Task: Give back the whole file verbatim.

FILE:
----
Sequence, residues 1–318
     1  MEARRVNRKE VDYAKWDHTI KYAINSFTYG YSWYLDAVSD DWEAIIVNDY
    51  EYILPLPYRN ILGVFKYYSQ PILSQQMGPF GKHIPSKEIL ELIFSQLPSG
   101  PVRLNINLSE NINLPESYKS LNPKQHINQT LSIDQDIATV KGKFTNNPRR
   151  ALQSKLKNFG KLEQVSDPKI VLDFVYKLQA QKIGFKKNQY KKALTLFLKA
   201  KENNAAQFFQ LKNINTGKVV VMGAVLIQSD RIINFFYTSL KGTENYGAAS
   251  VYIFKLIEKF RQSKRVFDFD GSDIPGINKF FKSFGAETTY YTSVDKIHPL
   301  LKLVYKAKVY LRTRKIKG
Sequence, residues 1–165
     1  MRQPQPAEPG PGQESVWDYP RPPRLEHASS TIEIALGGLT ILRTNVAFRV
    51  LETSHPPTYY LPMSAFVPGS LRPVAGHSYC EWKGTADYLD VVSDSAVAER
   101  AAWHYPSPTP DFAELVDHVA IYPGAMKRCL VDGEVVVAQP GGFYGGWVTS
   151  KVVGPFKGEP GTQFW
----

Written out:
Sequence, residues 1–318
     1  MEARRVNRKE VDYAKWDHTI KYAINSFTYG YSWYLDAVSD DWEAIIVNDY
    51  EYILPLPYRN ILGVFKYYSQ PILSQQMGPF GKHIPSKEIL ELIFSQLPSG
   101  PVRLNINLSE NINLPESYKS LNPKQHINQT LSIDQDIATV KGKFTNNPRR
   151  ALQSKLKNFG KLEQVSDPKI VLDFVYKLQA QKIGFKKNQY KKALTLFLKA
   201  KENNAAQFFQ LKNINTGKVV VMGAVLIQSD RIINFFYTSL KGTENYGAAS
   251  VYIFKLIEKF RQSKRVFDFD GSDIPGINKF FKSFGAETTY YTSVDKIHPL
   301  LKLVYKAKVY LRTRKIKG
Sequence, residues 1–165
     1  MRQPQPAEPG PGQESVWDYP RPPRLEHASS TIEIALGGLT ILRTNVAFRV
    51  LETSHPPTYY LPMSAFVPGS LRPVAGHSYC EWKGTADYLD VVSDSAVAER
   101  AAWHYPSPTP DFAELVDHVA IYPGAMKRCL VDGEVVVAQP GGFYGGWVTS
   151  KVVGPFKGEP GTQFW